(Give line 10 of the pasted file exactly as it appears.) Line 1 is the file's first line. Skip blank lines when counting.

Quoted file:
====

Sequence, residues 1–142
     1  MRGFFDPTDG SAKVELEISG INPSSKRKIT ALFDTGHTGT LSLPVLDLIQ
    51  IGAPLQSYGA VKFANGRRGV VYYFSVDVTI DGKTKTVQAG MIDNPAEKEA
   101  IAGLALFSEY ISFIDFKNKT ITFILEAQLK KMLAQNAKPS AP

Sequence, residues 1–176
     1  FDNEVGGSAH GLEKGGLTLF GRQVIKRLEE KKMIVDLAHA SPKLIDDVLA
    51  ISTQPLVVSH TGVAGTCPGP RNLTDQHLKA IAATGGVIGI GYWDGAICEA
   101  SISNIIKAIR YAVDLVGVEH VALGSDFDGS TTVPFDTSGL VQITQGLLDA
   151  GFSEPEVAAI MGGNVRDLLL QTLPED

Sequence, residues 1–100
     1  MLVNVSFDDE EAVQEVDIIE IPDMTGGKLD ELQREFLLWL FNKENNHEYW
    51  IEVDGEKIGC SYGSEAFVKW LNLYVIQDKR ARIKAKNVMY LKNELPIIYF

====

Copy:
Sequence, residues 1–100